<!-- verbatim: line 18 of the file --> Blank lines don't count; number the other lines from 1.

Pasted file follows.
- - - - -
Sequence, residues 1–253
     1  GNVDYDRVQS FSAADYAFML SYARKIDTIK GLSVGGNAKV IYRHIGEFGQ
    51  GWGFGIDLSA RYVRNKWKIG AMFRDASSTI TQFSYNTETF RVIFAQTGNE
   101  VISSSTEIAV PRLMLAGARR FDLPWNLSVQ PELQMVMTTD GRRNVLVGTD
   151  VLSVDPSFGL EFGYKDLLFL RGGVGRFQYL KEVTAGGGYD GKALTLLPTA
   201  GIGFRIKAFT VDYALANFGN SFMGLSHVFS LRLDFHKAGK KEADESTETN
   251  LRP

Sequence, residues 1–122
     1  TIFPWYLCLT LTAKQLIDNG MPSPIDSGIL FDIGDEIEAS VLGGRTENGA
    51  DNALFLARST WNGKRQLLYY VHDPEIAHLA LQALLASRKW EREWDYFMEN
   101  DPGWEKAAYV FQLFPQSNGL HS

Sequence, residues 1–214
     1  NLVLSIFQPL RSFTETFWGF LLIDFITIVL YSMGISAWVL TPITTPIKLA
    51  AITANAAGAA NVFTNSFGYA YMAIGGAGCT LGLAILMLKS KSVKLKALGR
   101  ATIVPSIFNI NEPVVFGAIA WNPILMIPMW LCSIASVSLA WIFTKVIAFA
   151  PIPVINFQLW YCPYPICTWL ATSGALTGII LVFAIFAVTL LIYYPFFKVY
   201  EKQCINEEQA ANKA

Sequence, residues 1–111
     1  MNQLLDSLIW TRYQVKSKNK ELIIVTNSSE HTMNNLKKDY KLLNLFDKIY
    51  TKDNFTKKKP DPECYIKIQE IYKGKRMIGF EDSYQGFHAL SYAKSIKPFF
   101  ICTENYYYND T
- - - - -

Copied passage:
Sequence, residues 1–111